Metternich is supposed to have once said that ‘Asia begins at the Landstrasse’ (or ‘the Balkans begin at the Rennweg’). The idea that the Balkan peninsula and its patchwork of nations are somehow not part of Europe lives on. Last month, Emmanuel Macron vetoed the opening of EU accession talks with North Macedonia and Albania.

Angela Merkel said the EU should ‘keep its promises’ and begin the negotiations. Jean-Claude Juncker described the French president’s irresponsible decision as a ‘historic mistake’. For once, the phrase may be an understatement. Whatever progress has been made in the Balkans in recent decades, following years of war, turmoil and clashing nationalisms, was explicitly tied to a promise that eventually these countries would join the European Union. In order to pander to a domestic audience that largely disapproves of his record in office, Macron broke this promise.

The North Macedonian prime minister, Zoran Zaev, was immediately forced to call early elections. He had invested a huge amount of political capital in the Prespa Agreement with Greece: he agreed to change his country’s name, and Athens in exchange agreed to lift its veto, opening a path to Nato and EU membership.

Zaev’s main offer to voters had been to bring North Macedonia into Europe and rid it of corruption. Macron has handed a precious gift to his opponents, the nationalist VMRO-DPMNE, who are leading the polls. If they come to power, an end to the Prespa deal is a real possibility. It would be welcomed by nationalists in Greece, too, some of whom are now in government in Athens. With the Balkans occupying a central position in the global far-right imaginary, a strengthening of nationalisms in the region can’t be anything but bad news.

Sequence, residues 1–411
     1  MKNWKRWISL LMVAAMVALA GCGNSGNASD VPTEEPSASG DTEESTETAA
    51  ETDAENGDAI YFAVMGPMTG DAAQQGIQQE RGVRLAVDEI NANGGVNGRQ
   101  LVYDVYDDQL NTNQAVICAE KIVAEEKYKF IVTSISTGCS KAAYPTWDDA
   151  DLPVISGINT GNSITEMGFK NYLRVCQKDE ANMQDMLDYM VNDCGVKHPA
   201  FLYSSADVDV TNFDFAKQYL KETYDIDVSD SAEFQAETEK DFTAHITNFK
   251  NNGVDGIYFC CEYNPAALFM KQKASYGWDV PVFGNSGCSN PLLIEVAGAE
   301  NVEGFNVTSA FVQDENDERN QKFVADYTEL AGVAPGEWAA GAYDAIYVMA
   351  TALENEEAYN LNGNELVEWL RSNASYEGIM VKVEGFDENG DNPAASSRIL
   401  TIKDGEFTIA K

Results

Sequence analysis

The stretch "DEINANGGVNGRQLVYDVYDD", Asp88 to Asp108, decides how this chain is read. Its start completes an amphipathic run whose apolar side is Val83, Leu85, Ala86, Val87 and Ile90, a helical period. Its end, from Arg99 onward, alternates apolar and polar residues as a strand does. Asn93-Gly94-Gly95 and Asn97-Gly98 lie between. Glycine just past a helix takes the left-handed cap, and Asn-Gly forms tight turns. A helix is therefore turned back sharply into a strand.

Serbia’s president, Aleksandar Vučić, has said that the EU’s refusal to open accession talks with North Macedonia and Albania justifies his policy of forging closer ties with China and Russia. Macron told the Economist last week that ‘what we are currently experiencing is the brain death of Nato’. Hungary’s Viktor Orbán seized on the comments. ‘In 1999 we thought Nato could secure us,’ he said today. ‘But now, even President Macron said Nato is “brain dead”. We see that neighbours are buying weapons, we need to develop our army more.’

This week the president of North Macedonia, Stevo Pendarovski, was in France for the Paris Peace Forum. He met with Macron for ‘short but very dynamic’ talks, he said, and the French president ‘asssured’ him that they are facing ‘only a technical delay’ while the EU thinks about ‘revising the methodology for accession talks’. He expects a decision after the EU Council meeting at the end of March next year. North Macedonia’s elections are scheduled for 12 April.